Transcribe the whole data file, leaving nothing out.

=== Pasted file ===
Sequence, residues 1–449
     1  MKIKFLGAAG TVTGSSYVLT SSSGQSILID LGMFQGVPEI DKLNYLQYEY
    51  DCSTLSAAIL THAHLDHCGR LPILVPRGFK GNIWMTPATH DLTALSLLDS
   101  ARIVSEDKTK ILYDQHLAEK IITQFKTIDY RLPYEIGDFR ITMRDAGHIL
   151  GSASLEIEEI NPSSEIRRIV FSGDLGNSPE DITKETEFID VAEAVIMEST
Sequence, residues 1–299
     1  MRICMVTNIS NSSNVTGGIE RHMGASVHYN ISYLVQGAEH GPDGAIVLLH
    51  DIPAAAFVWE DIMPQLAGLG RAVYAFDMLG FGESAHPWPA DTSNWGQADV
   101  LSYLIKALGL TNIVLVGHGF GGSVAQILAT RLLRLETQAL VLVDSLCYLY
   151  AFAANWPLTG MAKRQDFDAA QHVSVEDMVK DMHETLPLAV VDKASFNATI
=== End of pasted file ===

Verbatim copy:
Sequence, residues 1–449
     1  MKIKFLGAAG TVTGSSYVLT SSSGQSILID LGMFQGVPEI DKLNYLQYEY
    51  DCSTLSAAIL THAHLDHCGR LPILVPRGFK GNIWMTPATH DLTALSLLDS
   101  ARIVSEDKTK ILYDQHLAEK IITQFKTIDY RLPYEIGDFR ITMRDAGHIL
   151  GSASLEIEEI NPSSEIRRIV FSGDLGNSPE DITKETEFID VAEAVIMEST
Sequence, residues 1–299
     1  MRICMVTNIS NSSNVTGGIE RHMGASVHYN ISYLVQGAEH GPDGAIVLLH
    51  DIPAAAFVWE DIMPQLAGLG RAVYAFDMLG FGESAHPWPA DTSNWGQADV
   101  LSYLIKALGL TNIVLVGHGF GGSVAQILAT RLLRLETQAL VLVDSLCYLY
   151  AFAANWPLTG MAKRQDFDAA QHVSVEDMVK DMHETLPLAV VDKASFNATI